If it looks like a legislative chicken, acts and sounds like a legislative chicken, then chances are good that it is a legislative chicken, no matter what other obscure name the nation's chief agriculturalist wants to give it.

Agriculture Secretary John R. Block and Congress are caught up in one of those time-honored games of legislative chicken and, although there's a lot of squawking, no one is blinking yet.

This game involves a referendum that Block has set for next month among the nation's wheat farmers to determine if they want to subject themselves to a strict production-control program next year.

Block, assuming that Congress will not complete work on a new farm bill any time soon, ordered the referendum under the permanent agricultural law that would govern should the current law expire before the new bill is passed.

In effect, Block is telling Congress that he's going ahead with the referendum, unless he gets a new farm bill pronto. And the lawmakers are just as certain they won't have a new bill ready soon.

In a recent interview, Block denied he was playing a game of chicken, but at the same time he said he was not going to get stuck with the blame if there was no new farm bill and he -- probably illegally -- had failed to carry out the referendum required by the old law.

Congress is striving mightily to get him off that hook, but Block won't even take the bait. The House passed a bill directing him to postpone the vote and the Senate Agriculture Committee passed another version, allowing him to postpone it, but the secretary said he won't play ball.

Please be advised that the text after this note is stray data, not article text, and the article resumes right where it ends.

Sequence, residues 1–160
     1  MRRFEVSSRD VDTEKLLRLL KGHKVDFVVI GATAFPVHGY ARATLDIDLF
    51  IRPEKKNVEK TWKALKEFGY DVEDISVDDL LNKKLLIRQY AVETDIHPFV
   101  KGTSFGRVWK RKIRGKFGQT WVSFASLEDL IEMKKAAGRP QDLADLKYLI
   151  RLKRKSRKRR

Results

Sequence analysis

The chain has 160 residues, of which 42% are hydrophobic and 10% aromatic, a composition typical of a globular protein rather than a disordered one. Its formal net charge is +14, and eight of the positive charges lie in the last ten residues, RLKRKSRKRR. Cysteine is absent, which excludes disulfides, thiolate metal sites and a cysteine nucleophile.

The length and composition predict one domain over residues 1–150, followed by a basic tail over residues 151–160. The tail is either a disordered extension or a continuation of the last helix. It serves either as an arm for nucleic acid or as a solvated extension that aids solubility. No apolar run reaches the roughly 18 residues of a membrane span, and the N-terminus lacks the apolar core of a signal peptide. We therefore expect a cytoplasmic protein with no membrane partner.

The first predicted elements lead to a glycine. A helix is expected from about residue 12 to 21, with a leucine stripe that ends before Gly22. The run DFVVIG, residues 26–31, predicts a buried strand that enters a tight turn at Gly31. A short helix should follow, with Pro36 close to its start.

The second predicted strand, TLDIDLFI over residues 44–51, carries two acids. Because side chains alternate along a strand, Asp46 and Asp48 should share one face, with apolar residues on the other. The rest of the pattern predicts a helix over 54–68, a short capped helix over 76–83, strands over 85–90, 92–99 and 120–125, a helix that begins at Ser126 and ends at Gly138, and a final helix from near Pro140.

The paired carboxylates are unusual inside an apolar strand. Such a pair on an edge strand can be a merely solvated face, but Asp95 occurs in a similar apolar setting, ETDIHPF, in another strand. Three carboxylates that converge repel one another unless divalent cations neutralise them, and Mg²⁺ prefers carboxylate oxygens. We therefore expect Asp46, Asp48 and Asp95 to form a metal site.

Wheat-state legislators, led by Sen. Mark Andrews (R-N.D.) and Rep. Thomas S. Foley (D-Wash.), complain that the red tape and cost of a referendum would be enormous and that it would not mean much anyway. Many farmers who went into wheat production since the last allotments were calculated about 10 years ago would not have a voice in the vote, they note.

SEEING ORANGE . . . For months, one of the great sho ving matches over federal regulation has involved orange growers. Most of the shoving is being done by Carl A. Pescosolido Jr., a citrus grower from Exeter, Calif., who contends that federal marketing orders wrongfully prevent him from selling all his oranges and taking the risks he wants as a farmer.

Pescosolido last month filed a new suit against USDA, charging that the grower committees that control the weekly marketing of navel and Valencia oranges are set up illegally. He argues that his company and other California-Arizona independents have no voice in setting marketing policy.

Now, according to sources, members of the Sunkist growers cooperative, which dominates the marketing committees and regulates the flow of fruit to consumers, are knocking on Capitol Hill doors, seeking legislation that would cut off Pescosolido at the pass.

MOVING RIGHT ALONG . . . David Crow, who helped push the administration's viewpoint during the 1981 farm bill debate, is back in the official fold. He left in 1982 for a real estate job in Texas, but has returned to work in governmental and public affairs at USDA . . . . C. Wayne Mayfield, controversial director of the Agricultural Stabilization and Conservation Service in Texas, wants to come to the Big Top. Sources say he has applied for an ASCS appointment here. Mayfield was suspended from his Texas job for 30 days in April after an investigation of charges of sexual harassment and misuse of a government vehicle, among other things.